Chapter 2[edit]

The second chapter consists of Rankine's meditation on tennis star Serena Williams and the racially motivated attacks on her when she competed at Indian Wells in 2001, as well as controversial calls made against her throughout her tennis career. Rankine uses an example from youtuber Hennessy Youngman from his video[2] How to Be a Successful Black Artist to argue her point that certain stereotypes exist about black people. In his video, Youngman "advises black artists to cultivate ‘an angry nigger exterior'"(Rankine 23), which exposes that black people's anger is a marketable tool that lives up to the expectations of how blacks are perceived in a white-dominated society. Rankine further points out the difference between this sellable anger and the other type of anger that results from the individual experiences of feeling invisible, unimportant and undermined in a society that has designed itself in a way to make these feelings possible and unavoidable. To do so, Rankine brings up multiple occasions where it seemed as if her color caused Serena Williams to be treated unjustly and unfairly on the tennis court as in the case when umpire Mariana Alves made five bad calls against Serena at the 2004 US Open (Rankine 26). Rankine uses Serena's behavior and very presence in a primarily white-dominated sport to justify her claim that having a black body in a white environment brings out or draws attention to your differences, your blackness.

Returning to the youtuber Hennessy Youngman, Rankine states that in another video How to Be a Successful Artist Youngman makes the claim that if "a n***** paints a flower it becomes a slavery flower..." (Rankine 34), showing that anything created by a black person is automatically representative or associated with their blackness. Like the fabric sculpture used in the chapter (Rankine 33), created by Nick Cave which are supposed to blend the aesthetics of visual art and dance together into one medium are turned into something that represents or resembles traditional African customs, particularly ritual masks and costumes, because their creator is black and so must be connected to his ‘blackness' in some form (Jack Shainman Gallery). This connects to how later, Rankine brings up that Serena Williams no longer makes sudden outbursts and dramatic scenes in response to the injustices acted upon her but instead keeps herself contained. Her new demeanor is in line with the assertions made by Youngman in his Art Thoughtz that it is better to remain vague and ambiguous or "be white" (Rankine 36), as, according to him, this is the only way to be truly successful. Rankine comments that when Dane Caroline Wozniacki imitated Serena "by stuffing towels in her top and shorts" (Rankine 36) at an exhibition match in December 2012, that the former had "finally given[s] the people what they wanted all along by embodying Serena's attributes while leaving her [Serena's] ‘angry n***** exterior' behind" (Rankine 36). Their ‘expectations' of what a quality tennis player should look like had been fulfilled.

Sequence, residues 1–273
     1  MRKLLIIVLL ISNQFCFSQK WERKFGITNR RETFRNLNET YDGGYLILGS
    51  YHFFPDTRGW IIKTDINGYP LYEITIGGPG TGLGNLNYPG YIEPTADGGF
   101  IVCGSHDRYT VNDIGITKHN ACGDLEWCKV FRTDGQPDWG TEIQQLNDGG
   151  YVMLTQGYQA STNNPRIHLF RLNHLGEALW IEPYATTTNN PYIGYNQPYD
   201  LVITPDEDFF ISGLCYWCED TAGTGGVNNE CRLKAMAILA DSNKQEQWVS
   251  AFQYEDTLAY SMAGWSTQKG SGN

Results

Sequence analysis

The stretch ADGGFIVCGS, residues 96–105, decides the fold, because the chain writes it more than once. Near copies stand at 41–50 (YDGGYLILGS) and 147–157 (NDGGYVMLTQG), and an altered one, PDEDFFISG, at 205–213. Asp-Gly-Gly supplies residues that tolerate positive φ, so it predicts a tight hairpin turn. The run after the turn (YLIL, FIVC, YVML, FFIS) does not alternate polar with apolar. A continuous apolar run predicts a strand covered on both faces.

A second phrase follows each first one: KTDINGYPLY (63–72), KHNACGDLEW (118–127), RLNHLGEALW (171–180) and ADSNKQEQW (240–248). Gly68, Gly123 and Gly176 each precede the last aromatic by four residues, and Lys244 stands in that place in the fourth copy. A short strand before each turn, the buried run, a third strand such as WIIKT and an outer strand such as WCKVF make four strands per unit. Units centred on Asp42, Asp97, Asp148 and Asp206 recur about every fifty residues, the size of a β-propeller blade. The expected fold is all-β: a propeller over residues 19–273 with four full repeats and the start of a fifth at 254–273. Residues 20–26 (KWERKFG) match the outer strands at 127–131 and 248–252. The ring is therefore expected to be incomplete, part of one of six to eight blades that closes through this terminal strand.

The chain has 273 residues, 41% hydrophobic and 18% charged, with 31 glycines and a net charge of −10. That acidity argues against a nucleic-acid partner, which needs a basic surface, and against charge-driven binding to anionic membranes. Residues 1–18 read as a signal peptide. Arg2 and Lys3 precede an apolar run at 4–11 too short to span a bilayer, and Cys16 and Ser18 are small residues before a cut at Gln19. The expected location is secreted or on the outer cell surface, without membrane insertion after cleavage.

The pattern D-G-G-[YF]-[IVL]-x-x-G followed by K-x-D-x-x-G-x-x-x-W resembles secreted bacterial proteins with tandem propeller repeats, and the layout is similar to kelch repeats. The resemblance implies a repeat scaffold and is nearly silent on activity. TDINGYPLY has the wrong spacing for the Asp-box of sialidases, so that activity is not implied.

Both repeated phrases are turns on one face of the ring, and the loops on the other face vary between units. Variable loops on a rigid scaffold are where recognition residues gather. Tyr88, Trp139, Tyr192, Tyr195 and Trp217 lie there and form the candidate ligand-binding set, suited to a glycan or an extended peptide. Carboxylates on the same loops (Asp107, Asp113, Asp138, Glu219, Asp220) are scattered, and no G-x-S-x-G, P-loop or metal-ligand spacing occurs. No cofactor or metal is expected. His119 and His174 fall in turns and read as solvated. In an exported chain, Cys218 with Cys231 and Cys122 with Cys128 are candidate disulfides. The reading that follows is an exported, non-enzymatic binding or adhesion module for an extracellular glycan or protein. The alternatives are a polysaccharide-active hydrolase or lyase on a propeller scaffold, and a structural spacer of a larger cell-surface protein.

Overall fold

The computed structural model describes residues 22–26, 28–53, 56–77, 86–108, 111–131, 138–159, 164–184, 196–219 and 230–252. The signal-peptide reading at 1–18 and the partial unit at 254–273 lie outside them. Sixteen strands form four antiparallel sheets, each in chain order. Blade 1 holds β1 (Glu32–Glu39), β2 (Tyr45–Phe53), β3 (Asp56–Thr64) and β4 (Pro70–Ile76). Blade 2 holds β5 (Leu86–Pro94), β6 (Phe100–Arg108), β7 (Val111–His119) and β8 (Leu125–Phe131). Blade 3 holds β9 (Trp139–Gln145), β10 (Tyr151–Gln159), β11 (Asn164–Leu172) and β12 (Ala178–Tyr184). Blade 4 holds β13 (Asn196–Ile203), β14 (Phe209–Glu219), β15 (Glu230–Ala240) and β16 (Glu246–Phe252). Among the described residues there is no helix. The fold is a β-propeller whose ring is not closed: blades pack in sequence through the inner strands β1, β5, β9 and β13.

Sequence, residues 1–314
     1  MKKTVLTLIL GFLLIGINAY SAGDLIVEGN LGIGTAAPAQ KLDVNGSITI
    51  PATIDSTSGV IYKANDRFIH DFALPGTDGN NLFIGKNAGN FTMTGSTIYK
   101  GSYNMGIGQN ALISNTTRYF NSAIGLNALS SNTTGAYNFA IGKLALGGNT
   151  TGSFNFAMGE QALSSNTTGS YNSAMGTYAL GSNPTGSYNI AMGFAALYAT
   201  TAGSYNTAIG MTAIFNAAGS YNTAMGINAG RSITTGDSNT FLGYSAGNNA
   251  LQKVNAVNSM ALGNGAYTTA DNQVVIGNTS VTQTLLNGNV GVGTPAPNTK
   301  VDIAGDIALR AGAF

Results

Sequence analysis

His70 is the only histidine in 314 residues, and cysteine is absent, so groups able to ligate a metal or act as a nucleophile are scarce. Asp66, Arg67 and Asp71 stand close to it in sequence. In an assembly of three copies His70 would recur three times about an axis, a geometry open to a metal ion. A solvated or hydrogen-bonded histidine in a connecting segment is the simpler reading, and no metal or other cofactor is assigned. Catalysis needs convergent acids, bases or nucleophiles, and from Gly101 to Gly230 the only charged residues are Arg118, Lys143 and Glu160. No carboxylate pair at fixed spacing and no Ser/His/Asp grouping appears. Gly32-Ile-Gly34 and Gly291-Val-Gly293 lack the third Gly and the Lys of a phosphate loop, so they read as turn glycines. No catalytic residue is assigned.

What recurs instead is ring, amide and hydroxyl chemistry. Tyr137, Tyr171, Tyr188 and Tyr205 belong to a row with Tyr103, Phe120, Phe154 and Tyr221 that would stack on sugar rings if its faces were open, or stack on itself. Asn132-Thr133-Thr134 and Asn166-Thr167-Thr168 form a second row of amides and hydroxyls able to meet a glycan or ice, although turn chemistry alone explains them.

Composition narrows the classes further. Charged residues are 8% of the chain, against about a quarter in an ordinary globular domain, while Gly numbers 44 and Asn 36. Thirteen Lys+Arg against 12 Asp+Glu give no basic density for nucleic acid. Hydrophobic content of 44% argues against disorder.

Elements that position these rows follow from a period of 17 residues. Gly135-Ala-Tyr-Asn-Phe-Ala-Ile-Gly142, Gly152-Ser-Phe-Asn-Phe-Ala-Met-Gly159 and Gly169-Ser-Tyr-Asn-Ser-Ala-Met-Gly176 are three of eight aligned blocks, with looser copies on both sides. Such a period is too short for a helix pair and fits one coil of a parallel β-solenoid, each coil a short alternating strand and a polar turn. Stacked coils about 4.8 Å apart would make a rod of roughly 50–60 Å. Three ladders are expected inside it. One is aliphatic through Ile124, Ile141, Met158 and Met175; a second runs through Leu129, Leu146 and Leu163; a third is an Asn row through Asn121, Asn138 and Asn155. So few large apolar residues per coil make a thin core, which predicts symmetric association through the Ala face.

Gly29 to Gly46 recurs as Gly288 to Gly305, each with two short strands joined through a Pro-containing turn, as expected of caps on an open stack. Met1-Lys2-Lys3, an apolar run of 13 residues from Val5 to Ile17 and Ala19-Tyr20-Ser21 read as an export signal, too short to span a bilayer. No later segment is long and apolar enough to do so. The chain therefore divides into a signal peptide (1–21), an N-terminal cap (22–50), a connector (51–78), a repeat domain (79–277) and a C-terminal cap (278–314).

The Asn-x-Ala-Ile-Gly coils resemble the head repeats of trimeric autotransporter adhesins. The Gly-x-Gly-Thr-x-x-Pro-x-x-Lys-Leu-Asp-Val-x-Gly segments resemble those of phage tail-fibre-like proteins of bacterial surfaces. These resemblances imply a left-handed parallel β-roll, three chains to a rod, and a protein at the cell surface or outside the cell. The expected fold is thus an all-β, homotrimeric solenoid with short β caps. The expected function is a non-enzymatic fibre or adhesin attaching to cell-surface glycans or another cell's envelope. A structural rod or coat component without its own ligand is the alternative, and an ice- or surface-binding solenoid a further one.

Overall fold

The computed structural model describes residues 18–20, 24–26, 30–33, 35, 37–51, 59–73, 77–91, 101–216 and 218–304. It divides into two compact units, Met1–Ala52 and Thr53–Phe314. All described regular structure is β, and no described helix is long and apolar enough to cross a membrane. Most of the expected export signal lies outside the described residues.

According to Rankine, in her article, "The Meaning of Serena Williams," she states that, "There is a belief among some African-Americans that to defeat racism, they have to work harder, be smarter, be better".[3] This means that they have to give their 150 percent in order to show white Americans a black excellence that is supposed to perform with good manners and forgiveness in the face of any racist slights or attacks. The chapter also focuses on an on-court incident in 2009, where Serena told a linesman regarding n controversial call, "I swear to God I'm fucking going to take this fucking ball and shove it down your fucking throat, you hear that? I swear to God!" (Rankine 29). According to Anna Leszkiewicz, in her article, "Black Bodies in America," she states that, "In a long essay on Serena Williams, Rankine wrote that the tennis star's body was ‘trapped in disbelief code for being black in America' (Leszkiewicz 26). Even John McEnroe, known as an ill-mannered and foul-mouthed player during his professional tennis days, felt moved to tell Williams that he thought she was being treated unfairly by judges who seemed determined to rule against her and by fans who considered her sometimes rude and embarrassing (Rankine 28). Rankine implies that Serena, who is admittedly vocal on the court and sometimes disparaging toward officials, has been mistreated, or at least misunderstood, because of her race. Throughout the chapter the media characterizes Serena Williams as hyper sexual, aggressive, and animalistic. When she dares to express frustration, she is stamped with the infamous "angry black woman" stereotype.

Chapter 3[edit]

This chapter, similar to Chapter 1, is composed of events in the form of micro-aggressions. These events take place in seemingly normal places. The only difference is that Rankine does not express her physiological responses and instead questions their responses in some cases debating the remarks internally, while she has revelations of communication, through real world experiences. Also, a pattern reveals that most characters in the book that are not "black" are never ethnic specific. Though, through language and key words it is known that they are not "black".